In Mid/Late September a friend of ours mentioned to Stephanie that she was looking for something like a window seat with book shelves/storage…sans window. I jumped at the opportunity to try my hand.
I had a plan by William Draper, a PA craftsman from an August 1996 edition of American Woodworker, pg. 32 (off of google). I had been really wanting to try my hand at the bench. I loved the profile, the simple style, and the chance to hone basic skills such as mortise & tenon.
I wish I had some sugarpine, but the cheapest wood for the dimensions was the glued up stain grade pine at Lowes.
My question was how it would look with shelving and how comfortable it would be at 24” high. Our friend wanted the shelves to be at least 10” each and all very sturdy.
When I finally sawed the dado grooves, I ended up missing the shelf height by a 1/4” and 1/2” on each of the shelves due to poor measurement, but overall the design worked. But I was worried that I would have to sell this piece to someone else and start over, but our friend decided it would be just fine and really loved the style. I wasn’t sure it would work though, because she had chosen the shelf dimensions specifically to fit her books.
The Legs & Shelves
I followed Mr. Draper’s suggestion to use a pattern for the legs and I also routed a circle and star/cross pattern on the outside legs. It was difficult to get the pattern just right and then reproduce it on the four legs. It took me about a week and a half to get the legs close enough to one another (using a jig saw, coping saw, files, drawknife, sanders, and a razor blade). The plywood pattern had tear-out, the jigsaw cut on an angle when it was not supposed to, and though the coping saw and drawknife were the safest route, my hand skills are still quite wanting. There must be an easier way!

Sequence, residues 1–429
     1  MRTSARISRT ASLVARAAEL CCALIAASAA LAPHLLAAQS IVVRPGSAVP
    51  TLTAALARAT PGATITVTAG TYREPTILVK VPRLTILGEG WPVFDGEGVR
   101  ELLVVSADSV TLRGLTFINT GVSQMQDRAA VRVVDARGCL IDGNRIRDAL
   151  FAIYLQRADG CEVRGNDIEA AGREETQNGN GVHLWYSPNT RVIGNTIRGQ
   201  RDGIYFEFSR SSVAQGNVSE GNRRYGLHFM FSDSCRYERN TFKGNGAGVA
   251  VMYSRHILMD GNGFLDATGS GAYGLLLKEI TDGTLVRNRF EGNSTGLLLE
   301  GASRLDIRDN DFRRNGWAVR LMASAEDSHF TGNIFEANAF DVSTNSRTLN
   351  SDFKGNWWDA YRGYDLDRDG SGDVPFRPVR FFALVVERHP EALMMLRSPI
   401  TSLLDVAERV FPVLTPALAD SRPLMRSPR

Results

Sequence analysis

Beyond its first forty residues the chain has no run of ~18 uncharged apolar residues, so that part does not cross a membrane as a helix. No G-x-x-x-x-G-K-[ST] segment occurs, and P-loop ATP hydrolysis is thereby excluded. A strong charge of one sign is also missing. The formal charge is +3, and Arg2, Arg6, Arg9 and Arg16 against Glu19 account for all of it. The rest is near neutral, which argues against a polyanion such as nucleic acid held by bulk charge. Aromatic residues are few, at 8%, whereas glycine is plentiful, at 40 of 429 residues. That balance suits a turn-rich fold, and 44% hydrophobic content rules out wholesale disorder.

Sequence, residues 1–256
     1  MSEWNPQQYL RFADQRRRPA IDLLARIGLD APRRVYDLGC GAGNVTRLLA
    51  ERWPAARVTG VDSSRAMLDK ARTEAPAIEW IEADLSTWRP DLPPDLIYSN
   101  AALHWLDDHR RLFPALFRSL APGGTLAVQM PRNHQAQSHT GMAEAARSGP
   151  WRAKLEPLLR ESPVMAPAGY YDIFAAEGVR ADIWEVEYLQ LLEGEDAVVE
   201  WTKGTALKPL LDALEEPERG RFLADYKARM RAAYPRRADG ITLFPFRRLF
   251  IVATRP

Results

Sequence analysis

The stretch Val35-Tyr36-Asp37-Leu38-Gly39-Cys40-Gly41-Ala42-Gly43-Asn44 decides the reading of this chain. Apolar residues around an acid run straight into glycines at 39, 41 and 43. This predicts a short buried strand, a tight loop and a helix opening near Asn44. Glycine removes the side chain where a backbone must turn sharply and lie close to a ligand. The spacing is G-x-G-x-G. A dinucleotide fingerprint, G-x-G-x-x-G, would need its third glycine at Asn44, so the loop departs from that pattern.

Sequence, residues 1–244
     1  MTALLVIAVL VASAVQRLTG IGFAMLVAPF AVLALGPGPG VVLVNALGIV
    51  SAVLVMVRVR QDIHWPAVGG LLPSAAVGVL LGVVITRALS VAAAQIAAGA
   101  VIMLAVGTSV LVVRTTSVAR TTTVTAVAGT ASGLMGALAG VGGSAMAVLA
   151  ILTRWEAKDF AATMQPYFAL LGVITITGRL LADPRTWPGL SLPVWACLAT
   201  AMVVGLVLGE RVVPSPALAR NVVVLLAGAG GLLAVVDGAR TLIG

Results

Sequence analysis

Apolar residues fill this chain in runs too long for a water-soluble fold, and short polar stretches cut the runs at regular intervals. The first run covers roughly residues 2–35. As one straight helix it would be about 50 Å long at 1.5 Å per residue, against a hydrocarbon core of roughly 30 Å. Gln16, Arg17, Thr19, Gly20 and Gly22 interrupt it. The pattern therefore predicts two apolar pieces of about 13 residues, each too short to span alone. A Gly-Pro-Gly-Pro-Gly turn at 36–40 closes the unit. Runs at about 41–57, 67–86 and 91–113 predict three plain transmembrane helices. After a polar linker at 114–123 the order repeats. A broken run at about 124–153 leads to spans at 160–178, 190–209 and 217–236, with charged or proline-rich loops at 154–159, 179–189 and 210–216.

I leveled the tenon shoulders for the table top/mortises, and made the sweeping profiles and ½ circle cutouts similar. Then I did the dados for the shelves with a regular table saw blade (I wish I had made them stopped dados). This is what I had after input from a fellow lumberjock about adding a crossbeam for support:
As you can see in the pictures, there are 8 tenons awaiting the mortises in the top of the bench. Only two tenons would survive the design process. Find out more as you read the next entry of this blog.
Zoom in of repair of mistakenly cut dado
-- I came, I was conquered, I was born again. ἵνα ὦσιν ἓν